Even an accurate view of the odds looked unfavorable for a successful sortie. After the arrival of HMS Cumberland, Graf Spee faced a force at least as powerful as the one engaged on the 13th. Additionally, the three cruisers waiting off shore did not have to sink Graf Spee to be successful. All they really had to do was shadow her until the heavy units could join them and Graf Spee’s fate would be sealed. With less than three quarters the ammunition she had used in the first engagement and her forward fire control director already disabled, Graf Spee’s chances of inflicting significant damage, escaping her tormentors in the South Atlantic, getting through the British blockade of Germany, and making it home appeared slim.
Then there is the matter of the fuel oil purifier. Without it, they could not expect to make it back to Germany, even if the Royal Navy were not in their way.
Annex. Extracts from H. M Ships Damaged or Sunk By Enemy Action, 3 Sept 1939 to 2 Sept. 1945
EXETER during the “Battle of the River Plate”, came under shell fire from the German Pocket Battleship, ADMIRAL GRAF SPEE.
Hit No. l, struck the shelter deck just abaft “B” Turret and passed out through the superstructure side without exploding.
Hit No. 2, struck the front plate of “B’ Turret between the two guns and detonated on impact. “B” Turret was seriously damaged and put out of actions. Splinters caused damage and casualties on the bridge.
Hit No. 3,, struck on or very near, the fluke of the starboard sheet anchor and detonated on impact. The side plating was split and torn and much damage in the paint shop was caused by splinters.
Hit No. 4, struck the forecastle deck on the middle line just aft of the cable holders and exploded on impact. A hole 10 ft. by 10 ft. was blown in the forecastle deck and splinters penetrated the upper deck.
Hit No. 5, struck the jacket of the right gun of “A” Turret, and exploded on impact. “A” Turret was put out of action although it was found later that the turret could be trained and the left gun used. The forecastle deck was torn and the upper deck damaged by splinters.
Hit No. 6, passed through the whee!house, charthouse, out through the armament office and exploded just forward of the starboard 4 inch H.A. (High Angle-Chuck) Gun. Damage from splinters was widespread, ammunition in R.U. (Ready Use-Chuck) lockers was ignited, the lower bridge and 25% of the 4 inch armament was put out of action.
Hit No. 7, passed through the ship’s side just under the upper deck abreast “B” turret, travelled aft through the mess spaces on the lower deck and exploded abreast the E.R.A .’s (Engine Room Artificers-Chuck) mess. Damage from splinters was widespread, the fire main was fractured, communications seriously damaged and the lower deck holed. The 4 inch H.A. magazine and handing room were flooded by water escaping from the fractured fire main. Fire broke out in the mess spaces just aft of “B” turret supports.
Splinter Damage. EXETER suffered a great deal of superficial damage from splinters due to shells that burst short. Splinters on the ship’s side near the waterline caused a good deal of flooding. Most aerials were carried away and searchlights, signal projectors;, rigging etc. were badly damaged. One R.U. Ammunition locker was also ignited by splinters.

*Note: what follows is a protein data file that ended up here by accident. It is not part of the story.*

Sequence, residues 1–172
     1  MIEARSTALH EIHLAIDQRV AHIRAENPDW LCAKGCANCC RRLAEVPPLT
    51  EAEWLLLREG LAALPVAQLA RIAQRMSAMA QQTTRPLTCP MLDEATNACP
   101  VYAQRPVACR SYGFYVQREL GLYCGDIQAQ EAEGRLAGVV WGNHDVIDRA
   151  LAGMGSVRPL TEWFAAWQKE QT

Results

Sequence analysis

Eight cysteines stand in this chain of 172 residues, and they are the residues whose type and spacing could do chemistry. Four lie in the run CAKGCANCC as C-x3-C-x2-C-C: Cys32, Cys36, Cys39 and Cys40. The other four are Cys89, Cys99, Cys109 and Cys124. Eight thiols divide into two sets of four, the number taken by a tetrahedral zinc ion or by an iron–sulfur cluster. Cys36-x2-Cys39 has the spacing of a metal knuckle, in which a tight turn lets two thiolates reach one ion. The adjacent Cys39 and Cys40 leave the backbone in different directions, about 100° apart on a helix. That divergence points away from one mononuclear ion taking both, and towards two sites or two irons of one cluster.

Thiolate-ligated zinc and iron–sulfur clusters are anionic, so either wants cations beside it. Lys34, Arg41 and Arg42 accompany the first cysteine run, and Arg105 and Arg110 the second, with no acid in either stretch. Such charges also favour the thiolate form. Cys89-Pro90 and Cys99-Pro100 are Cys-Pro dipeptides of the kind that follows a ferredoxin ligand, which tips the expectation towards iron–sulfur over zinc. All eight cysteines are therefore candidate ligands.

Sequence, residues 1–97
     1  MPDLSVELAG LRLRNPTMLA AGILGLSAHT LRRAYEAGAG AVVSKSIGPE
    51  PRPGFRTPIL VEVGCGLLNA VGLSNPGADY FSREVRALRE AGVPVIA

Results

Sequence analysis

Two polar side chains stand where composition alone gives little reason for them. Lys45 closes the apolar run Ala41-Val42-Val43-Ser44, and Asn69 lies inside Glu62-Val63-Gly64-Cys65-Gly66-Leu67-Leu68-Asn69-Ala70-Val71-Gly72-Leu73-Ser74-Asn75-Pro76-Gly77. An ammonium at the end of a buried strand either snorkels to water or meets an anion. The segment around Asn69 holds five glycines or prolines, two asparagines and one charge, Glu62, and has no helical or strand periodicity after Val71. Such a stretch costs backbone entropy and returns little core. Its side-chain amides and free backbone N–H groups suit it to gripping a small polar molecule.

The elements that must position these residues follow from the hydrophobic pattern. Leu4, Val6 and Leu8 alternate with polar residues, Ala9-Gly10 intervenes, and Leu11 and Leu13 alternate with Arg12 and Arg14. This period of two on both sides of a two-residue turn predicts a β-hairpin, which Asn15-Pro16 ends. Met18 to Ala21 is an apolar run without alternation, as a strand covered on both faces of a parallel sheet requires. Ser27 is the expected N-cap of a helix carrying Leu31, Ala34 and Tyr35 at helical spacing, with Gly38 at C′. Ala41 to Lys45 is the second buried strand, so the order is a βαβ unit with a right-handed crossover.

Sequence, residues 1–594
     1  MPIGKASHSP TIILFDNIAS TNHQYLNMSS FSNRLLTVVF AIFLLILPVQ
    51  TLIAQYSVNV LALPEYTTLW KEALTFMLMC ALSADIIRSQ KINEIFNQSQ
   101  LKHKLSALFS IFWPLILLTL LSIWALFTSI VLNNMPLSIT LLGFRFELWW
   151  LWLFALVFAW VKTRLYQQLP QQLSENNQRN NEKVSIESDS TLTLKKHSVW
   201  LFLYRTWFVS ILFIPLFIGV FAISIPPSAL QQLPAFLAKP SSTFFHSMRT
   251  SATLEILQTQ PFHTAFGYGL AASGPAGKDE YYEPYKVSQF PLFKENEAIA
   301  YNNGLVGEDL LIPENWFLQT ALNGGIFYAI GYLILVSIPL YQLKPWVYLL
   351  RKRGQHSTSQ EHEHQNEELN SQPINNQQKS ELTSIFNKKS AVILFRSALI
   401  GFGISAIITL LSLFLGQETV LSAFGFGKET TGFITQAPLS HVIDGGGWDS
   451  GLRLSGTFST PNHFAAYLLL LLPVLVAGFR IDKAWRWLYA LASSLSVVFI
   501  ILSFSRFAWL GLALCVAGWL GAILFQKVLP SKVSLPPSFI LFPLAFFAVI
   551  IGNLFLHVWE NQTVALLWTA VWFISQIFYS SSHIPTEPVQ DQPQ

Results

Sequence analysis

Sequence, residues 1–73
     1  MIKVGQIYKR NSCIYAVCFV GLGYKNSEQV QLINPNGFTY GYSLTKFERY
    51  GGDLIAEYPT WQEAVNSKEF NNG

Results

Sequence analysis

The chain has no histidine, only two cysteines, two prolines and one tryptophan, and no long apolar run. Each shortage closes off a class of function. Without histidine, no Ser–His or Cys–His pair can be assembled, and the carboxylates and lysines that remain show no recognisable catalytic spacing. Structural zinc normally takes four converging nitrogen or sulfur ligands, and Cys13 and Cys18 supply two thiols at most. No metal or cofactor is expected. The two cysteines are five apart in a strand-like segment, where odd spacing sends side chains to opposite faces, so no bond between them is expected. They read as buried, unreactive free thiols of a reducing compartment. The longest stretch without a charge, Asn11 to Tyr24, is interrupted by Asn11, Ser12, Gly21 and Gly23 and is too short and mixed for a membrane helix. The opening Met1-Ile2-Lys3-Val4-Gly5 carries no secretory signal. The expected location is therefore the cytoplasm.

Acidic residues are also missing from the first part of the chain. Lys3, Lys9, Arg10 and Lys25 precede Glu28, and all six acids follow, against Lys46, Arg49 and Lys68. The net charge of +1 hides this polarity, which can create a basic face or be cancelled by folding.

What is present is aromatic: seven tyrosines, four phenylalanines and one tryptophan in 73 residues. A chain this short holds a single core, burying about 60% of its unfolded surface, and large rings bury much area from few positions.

Fighting Efficiency = Seriously impaired. “A”, “B” and °Y° Turrets and 25% of the 4 inch H.A. armament was out of action. Slight loss of speed due to flooding and consequent heel and trim of the ship.
AJAX during the “Battle of the River Plate” came under shell fire from the German pocket battleship ADMIRAL GRAF SPEE. The direct hit struck the after superstructure port side passed thro’ “X” barbette and exploded in the Admiral’s cabin, starboard side causing slight structural damage. The shell did not detonate but burst with a mild explosion. Splinter damage caused, “Y” turret to jam.
(Ajax was again hit by a 283 mm (11.1 in) shell that destroyed her mast and caused more casualties, but damage was apparently not worth reporting–Chuck)
Fighting Efficiency = Impaired, “X” and “Y” turret were out of action due to the shell hit. “B” turret had one gun out of action due to failure of the hoist.
ACHILLES during the “Battle of the River Plate” came under shell fire from the German pocket battleship ADMIRAL GRAF SPEE. Splinters from shells bursting short pierced the ship’s side above the waterline, bridge screen etc, and also caused other slight damage. Minor damage was sustained in the director control tower but after casualties had been replaced it was able to continue in action.
Fighting Efficiency – Not impaired. Gun fire was not efficient until casualties in the D. C.T. (Fire Control Director–Chuck) were replaced. W/T (radio-Chuck) was out of action temporarily.
REMARKS The “Battle of the River Plate” revealed the following items.
- Increased protection to vital communications required.
- Additional portable telephones required,
- Improvement to look-out positions necessary,
- Need for increased protection for exposed personnel.
- Remote control of the smoke apparatus required.
- Square ports to be abolished.
- Automatic emergency secondary lighting to be introduced.
- Modifications required to telephone hand sets to prevent “jumping off”.
- Additional portable pumps to be supplied.
- Fire mains to be modified to provide for easier isolation and repair.
- Bennett, Geoffrey, Battle of the River Plate, Ian Allen, Ltd., 1972
- Campbell, John, Naval Weapons of World War Two, Conway Maritime Press Ltd, 1985
- Chesneau, Roger, Conway’s All the World’s Fighting ships, 1922-1946, Conway Maritime Press Ltd, 1980
On Line Sources: